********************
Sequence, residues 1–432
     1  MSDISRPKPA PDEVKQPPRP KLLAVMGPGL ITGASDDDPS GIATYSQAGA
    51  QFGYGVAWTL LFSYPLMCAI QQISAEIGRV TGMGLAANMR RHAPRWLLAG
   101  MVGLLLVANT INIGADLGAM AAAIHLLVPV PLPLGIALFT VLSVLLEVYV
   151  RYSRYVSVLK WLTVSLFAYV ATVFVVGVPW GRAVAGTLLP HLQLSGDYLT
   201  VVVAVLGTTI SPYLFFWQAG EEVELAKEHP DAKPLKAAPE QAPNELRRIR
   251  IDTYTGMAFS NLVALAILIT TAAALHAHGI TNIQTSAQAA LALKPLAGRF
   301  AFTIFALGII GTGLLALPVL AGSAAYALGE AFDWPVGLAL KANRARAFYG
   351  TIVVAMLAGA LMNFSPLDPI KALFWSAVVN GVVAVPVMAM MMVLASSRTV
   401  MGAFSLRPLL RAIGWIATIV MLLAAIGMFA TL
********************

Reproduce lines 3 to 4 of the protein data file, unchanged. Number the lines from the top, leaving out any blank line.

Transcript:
    51  QFGYGVAWTL LFSYPLMCAI QQISAEIGRV TGMGLAANMR RHAPRWLLAG
   101  MVGLLLVANT INIGADLGAM AAAIHLLVPV PLPLGIALFT VLSVLLEVYV